By Siobhan Reid
Three weeks ago, a new species of glass frog (Hyalinobatrachium mashpi) was named by the team at Mashpi Lodge, a remote eco-hotel on the western flanks of the Andean Mountains, three hours northwest of Quito. When the tiny, transparent-bellied amphibian was first found, researchers thought it was the Valerioi glass frog, another similar-looking species endemic to the area. But after listening to recordings of the animal’s distinct call—a chirping, cricket-like sound—scientists were able to distinguish the Mashpi frog from its relatives.
For Miguel Sevilla, a Berklee-trained musician and corporate lawyer who serves as a director of Grupo Futuro, Mashpi’s parent company, the discovery underscored the importance of sound to the reserve’s conservation and research efforts. Since the property’s founding 10 years ago, in-house biologists alongside Ecuadorian and international researchers have documented nine new species on the 6,177-acre reserve, a tropical cloud forest that’s among the planet’s most biodiverse places.
Now, Sevilla has partnered with some of Ecuador’s leading environmentalists and humanitarians—Yolanda Kakabadse, the former president of WWF; Sofía Spechmann, the secretary general of CARE International; Paola Moscoso, a doctor of biology who specializes in the field of ecoacoustics; and Carolina Proaño, head of the non-profit Fundación Futuro—on a conservation initiative with farther-reaching consequences. Together with the Sacha Warmi Foundation, which advocates for Indigenous people and organizations in the Ecuadorian Amazon, the team is pushing for the Mashpi reserve and the surrounding Chocó and Pastaza regions to be protected by the UNESCO World Heritage Centre on the basis of “acoustic value,” a category not currently covered by the organization’s mandate. The parties began the process in 2019 and are currently working with government officials and ministers to get the category approved by this time next year.
While hundreds of natural heritage sites appear on the UNESCO World Heritage List, Sevilla believes the framework for eligibility is too narrow, and in some cases prioritizes visual impact over all else. He references the Grand Canyon as an example—“A place not on the list not because of extraordinary biodiversity, but largely because of visual aesthetic,” he says.
By contrast, the Mashpi cloud forest can’t be appreciated by sight alone, especially because of the thick fog that envelops the area. “It’s like the expression, ‘You can’t see the forest for the trees,’” he says. “You have to develop other senses in order to discern what’s there.”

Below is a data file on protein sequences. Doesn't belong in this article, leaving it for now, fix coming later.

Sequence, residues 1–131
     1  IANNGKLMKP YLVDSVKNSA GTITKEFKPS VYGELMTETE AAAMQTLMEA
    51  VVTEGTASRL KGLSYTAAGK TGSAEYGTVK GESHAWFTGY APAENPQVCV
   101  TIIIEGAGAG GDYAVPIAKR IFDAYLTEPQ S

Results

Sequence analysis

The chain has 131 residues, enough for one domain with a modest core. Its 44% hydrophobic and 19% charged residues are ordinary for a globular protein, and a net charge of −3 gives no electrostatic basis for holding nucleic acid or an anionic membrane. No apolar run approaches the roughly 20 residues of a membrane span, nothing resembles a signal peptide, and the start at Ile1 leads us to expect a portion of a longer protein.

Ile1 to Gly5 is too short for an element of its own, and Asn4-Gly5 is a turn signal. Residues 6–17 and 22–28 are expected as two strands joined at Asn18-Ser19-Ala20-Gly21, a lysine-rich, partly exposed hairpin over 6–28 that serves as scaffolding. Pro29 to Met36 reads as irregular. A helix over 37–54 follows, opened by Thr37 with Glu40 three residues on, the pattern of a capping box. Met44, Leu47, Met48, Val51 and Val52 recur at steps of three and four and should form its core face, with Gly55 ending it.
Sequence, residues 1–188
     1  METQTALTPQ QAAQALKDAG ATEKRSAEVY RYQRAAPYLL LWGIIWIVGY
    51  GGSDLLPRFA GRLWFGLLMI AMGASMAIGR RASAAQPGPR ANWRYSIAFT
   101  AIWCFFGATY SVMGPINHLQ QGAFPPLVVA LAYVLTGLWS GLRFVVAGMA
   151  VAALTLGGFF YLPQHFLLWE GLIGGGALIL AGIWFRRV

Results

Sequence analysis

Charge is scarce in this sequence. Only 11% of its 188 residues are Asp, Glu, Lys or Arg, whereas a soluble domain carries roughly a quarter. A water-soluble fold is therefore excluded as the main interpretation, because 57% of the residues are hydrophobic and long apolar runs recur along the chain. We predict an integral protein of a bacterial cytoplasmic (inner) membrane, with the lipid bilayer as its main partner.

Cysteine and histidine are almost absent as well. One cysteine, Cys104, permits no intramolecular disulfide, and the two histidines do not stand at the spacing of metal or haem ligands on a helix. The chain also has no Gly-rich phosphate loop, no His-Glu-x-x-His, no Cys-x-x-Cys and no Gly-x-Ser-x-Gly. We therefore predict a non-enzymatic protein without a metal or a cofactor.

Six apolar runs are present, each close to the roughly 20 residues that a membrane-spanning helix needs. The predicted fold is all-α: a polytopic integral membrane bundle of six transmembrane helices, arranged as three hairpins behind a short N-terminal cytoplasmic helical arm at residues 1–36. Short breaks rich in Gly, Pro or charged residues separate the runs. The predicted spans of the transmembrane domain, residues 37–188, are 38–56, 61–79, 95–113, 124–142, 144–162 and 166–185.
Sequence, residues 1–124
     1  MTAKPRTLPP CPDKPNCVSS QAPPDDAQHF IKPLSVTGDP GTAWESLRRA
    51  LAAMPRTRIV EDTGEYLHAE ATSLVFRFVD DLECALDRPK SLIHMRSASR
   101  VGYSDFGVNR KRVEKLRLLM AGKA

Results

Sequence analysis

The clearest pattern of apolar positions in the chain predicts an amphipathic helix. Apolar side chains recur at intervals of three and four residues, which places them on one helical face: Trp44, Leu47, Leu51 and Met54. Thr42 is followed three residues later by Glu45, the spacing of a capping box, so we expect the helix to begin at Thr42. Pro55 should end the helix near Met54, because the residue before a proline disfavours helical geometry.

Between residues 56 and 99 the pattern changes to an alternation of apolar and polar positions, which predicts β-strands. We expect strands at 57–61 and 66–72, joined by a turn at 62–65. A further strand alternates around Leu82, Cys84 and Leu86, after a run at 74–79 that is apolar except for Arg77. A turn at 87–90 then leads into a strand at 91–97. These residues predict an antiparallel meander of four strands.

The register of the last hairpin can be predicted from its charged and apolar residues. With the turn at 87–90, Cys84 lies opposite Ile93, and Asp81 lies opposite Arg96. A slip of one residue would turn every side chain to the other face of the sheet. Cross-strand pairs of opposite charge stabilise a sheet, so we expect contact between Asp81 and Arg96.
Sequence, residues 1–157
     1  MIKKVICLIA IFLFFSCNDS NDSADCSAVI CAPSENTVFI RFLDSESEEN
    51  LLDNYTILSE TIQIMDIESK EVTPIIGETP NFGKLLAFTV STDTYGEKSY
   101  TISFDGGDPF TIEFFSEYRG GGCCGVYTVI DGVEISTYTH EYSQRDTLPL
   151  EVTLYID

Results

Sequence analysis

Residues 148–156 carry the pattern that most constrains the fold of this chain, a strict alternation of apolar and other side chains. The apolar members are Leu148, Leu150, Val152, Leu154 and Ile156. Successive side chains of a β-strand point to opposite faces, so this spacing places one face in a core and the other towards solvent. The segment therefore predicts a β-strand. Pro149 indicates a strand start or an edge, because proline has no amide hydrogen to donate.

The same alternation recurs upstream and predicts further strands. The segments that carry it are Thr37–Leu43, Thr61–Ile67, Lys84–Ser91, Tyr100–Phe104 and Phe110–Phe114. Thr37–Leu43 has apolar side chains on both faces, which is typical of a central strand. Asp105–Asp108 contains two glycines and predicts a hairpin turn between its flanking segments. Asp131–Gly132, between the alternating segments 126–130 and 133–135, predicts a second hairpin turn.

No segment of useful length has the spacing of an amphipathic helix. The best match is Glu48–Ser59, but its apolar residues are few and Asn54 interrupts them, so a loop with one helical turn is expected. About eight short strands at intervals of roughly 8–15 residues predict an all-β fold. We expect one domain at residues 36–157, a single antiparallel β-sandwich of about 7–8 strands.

By broadening UNESCO’s reach to include sites of extraordinary acoustic value, the team hopes to add a layer of protection to the Pastaza and Chocó regions, home to the majority of Ecuador’s primary forest, where logging, mining, and the palm oil industry pose an existential threat. In the Chocó region, which rivals the Amazon in terms of biodiversity, logging has razed 98 percent of the forest. And the area’s rich deposits of gold and copper have attracted large-scale mining operations. These activities poison the forest and imperil indigenous communities, like the Kawsak Sacha People, whose distinctive voices and songs have been registered in Ecuador’s National System of Cultural Heritage.
Sevilla sees the addition of an acoustic category on the UNESCO World Heritage List as an extension of the important sound-based work Mashpi is already doing. In 2019, the lodge partnered with the San Francisco-based non-profit Rainforest Connection on the installation of acoustic recorders scattered throughout the canopy of the reserve. These devices record the sounds of the reserve’s lush cacophony—the howling of monkeys, the squawking of toucans—which people can listen to by downloading the Rainforest Connection app. They also detect sounds of chainsaws and gunshots, which help rangers catch loggers and poachers in the act.
The recognition by UNESCO will be more impactful than rangers and listening devices, says Sevilla, as it will reach a wider audience and appeal to people’s emotions in a way that drives long-term action and commitment.
“Music, and sound in general, bypasses cognition,” he says. “I could tell you that the Mashpi reserve is home to over 400 bird species. But if you actually listen to their sounds, you’re going to connect with the place in a much more direct and emotional way.”
Beyond Ecuador, Sevilla sees the addition of an acoustic category as being a critical tool that other destinations could leverage to drive conservation and connection.
“Ultimately, tourism is about attention,” he says. “As you widen ways of endearing yourself to a place through mediums like sound, you widen your appetite for protection.”
Credit: Conde Nast Traveler